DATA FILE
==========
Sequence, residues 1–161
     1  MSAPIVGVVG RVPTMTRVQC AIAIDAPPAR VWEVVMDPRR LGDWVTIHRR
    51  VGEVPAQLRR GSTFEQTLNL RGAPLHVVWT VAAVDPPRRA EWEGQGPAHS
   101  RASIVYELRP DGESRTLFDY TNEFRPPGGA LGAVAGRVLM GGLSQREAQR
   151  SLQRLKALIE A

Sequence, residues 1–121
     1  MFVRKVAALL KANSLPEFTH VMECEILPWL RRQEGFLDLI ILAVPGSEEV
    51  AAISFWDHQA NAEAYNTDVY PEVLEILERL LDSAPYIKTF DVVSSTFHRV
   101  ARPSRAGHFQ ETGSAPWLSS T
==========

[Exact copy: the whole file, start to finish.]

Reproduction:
Sequence, residues 1–161
     1  MSAPIVGVVG RVPTMTRVQC AIAIDAPPAR VWEVVMDPRR LGDWVTIHRR
    51  VGEVPAQLRR GSTFEQTLNL RGAPLHVVWT VAAVDPPRRA EWEGQGPAHS
   101  RASIVYELRP DGESRTLFDY TNEFRPPGGA LGAVAGRVLM GGLSQREAQR
   151  SLQRLKALIE A

Sequence, residues 1–121
     1  MFVRKVAALL KANSLPEFTH VMECEILPWL RRQEGFLDLI ILAVPGSEEV
    51  AAISFWDHQA NAEAYNTDVY PEVLEILERL LDSAPYIKTF DVVSSTFHRV
   101  ARPSRAGHFQ ETGSAPWLSS T